Beer beetles

The Australian beetle Julodimorpha bakewelli attempts to mate with discarded beer bottles, sometimes to the point of its own death.

Bernard Dupont, CC BY-SA 2.0, via Wikimedia Commons

Back in the early 1980s a couple of entomologists were studying a large jewel beetle species known as Julodimorpha bakewelli. This beetle has a brownish carapace pocked with numerous indentations. In the right light, its surface resembles a stubby, a kind of Australian beer bottle:

Simon Laird, CC BY-SA 3.0, via Wikimedia Commons

The entomologists found that male beetles were so taken with the empty beer bottles that they, uh, mistook them for female beetles and decided to mate with them. And because these bottles were so impressively large compared to actual mates, they just kept going until exhaustion set in. The horny beer beetles collapsed and were consumed by ants. (Australian ants, as you may recall, can be rather dangerous.)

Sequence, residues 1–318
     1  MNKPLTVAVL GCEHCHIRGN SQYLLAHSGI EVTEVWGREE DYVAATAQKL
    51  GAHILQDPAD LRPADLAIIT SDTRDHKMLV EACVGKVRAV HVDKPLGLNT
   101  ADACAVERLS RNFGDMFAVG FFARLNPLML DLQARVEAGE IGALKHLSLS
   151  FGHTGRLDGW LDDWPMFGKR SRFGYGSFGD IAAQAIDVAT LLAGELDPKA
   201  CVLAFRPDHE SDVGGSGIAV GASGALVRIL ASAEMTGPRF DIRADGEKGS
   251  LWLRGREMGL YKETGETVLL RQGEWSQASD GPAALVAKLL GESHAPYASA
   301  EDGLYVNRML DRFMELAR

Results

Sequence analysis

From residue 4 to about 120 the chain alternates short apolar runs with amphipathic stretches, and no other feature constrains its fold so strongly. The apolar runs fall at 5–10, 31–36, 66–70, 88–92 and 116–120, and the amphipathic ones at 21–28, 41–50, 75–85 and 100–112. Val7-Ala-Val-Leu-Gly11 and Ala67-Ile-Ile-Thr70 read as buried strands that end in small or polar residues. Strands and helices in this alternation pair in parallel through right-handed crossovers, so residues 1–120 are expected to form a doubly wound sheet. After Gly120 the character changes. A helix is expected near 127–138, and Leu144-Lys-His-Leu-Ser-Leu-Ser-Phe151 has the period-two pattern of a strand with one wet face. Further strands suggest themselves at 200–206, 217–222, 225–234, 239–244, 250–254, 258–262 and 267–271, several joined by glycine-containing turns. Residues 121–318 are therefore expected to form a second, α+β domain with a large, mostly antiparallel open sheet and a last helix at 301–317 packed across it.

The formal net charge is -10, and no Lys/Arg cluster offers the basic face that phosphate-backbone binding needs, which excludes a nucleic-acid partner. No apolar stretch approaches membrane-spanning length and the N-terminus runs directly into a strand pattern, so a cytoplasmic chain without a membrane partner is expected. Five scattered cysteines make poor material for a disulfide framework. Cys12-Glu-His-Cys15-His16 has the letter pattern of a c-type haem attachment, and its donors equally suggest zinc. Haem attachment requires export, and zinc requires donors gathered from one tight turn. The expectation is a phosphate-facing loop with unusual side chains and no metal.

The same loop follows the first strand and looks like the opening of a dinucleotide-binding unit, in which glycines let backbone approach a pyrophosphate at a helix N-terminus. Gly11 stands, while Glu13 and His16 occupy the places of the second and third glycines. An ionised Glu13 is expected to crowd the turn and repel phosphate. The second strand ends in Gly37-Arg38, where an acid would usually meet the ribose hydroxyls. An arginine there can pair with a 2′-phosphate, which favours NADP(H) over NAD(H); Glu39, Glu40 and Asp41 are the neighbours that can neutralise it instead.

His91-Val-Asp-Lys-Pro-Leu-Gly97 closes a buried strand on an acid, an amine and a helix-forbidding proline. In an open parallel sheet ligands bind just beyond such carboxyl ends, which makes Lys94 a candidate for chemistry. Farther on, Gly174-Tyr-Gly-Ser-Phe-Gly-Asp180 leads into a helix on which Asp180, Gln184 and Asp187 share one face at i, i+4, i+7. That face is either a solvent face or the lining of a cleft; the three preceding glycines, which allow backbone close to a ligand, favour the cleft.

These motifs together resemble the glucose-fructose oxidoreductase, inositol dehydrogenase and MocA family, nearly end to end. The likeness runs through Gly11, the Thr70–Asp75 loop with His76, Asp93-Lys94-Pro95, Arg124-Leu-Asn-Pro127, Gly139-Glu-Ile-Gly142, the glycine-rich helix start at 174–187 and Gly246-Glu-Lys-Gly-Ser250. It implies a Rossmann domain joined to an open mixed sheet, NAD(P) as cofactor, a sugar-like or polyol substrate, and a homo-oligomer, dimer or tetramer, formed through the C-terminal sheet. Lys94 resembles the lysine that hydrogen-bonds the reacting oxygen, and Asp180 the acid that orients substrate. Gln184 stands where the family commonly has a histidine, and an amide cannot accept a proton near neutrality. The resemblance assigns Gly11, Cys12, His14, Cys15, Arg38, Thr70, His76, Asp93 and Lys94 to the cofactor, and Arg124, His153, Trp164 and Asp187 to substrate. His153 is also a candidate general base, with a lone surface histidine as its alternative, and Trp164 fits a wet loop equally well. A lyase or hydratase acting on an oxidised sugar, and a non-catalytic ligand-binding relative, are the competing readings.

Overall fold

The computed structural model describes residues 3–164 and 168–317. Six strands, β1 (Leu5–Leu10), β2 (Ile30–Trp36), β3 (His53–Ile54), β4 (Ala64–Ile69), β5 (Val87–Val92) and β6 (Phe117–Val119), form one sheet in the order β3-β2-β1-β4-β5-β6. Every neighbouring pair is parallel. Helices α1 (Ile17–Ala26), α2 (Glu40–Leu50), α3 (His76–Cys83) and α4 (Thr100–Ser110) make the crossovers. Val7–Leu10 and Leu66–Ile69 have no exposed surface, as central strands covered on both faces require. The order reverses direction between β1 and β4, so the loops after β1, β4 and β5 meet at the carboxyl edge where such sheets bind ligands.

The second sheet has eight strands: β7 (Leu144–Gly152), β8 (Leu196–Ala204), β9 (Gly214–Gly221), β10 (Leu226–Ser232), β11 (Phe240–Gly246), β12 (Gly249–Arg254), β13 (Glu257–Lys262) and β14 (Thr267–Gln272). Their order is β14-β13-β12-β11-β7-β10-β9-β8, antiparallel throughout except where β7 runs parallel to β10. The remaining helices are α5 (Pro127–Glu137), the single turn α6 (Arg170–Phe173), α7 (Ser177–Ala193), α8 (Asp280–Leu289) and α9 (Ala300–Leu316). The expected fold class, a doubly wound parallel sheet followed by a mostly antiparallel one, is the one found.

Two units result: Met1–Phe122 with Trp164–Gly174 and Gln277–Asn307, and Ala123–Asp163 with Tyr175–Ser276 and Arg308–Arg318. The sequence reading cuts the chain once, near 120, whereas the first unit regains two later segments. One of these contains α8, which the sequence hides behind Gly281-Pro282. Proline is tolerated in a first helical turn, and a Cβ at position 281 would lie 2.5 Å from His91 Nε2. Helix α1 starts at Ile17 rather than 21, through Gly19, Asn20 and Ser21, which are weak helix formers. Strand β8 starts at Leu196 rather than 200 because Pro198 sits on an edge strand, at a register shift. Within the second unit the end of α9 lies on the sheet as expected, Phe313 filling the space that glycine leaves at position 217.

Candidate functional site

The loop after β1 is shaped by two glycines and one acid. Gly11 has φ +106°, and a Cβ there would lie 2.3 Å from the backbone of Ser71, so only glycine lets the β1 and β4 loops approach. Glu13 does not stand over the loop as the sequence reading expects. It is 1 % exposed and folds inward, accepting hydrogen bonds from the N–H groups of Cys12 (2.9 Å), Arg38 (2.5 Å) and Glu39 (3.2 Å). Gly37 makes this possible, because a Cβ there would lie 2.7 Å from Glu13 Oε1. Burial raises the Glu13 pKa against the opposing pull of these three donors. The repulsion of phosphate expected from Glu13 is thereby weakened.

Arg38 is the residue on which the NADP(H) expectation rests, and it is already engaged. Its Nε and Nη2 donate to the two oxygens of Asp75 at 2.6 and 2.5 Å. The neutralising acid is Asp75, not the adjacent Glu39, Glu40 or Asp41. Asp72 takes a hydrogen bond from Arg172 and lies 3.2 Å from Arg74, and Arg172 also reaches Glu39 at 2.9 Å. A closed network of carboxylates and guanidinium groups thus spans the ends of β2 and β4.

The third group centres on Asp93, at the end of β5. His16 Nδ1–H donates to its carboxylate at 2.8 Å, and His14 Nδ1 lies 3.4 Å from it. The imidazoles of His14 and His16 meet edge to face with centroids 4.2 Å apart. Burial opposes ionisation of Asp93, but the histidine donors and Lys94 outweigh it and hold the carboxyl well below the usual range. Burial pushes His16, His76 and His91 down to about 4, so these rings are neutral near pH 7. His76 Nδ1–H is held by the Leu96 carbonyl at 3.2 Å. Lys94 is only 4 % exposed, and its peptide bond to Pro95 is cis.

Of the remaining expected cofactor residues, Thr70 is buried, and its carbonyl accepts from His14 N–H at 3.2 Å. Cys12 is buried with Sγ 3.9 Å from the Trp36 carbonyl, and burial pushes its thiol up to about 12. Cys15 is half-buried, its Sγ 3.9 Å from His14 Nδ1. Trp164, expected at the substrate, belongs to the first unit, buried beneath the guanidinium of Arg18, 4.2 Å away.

The resulting research won an Ig Nobel Prize in Biology in 2011, alongside a wasabi alarm clock and a dizziness study of discus-throwers. But it has an interesting scientific connection that transcends confused beetle sex: junk food.

Animals evolve to respond to particular stimuli – food, mates, danger, and so on. But sometimes a “supernormal stimulus” will exploit a similarity to that stimulus, driving the animal to excess in pursuit of its bounty. We can see this, for example, when birds favour the larger eggs of cuckoo-like interlopers over their own eggs. For us humans, junk food represents a kind of supernormal stimulus – it’s impossibly sweet, salty, and/or fatty compared to most unprocessed foods.

So, in the end, we’re all beer beetles.

[Thanks to an anonymous reader.]

Leave a Reply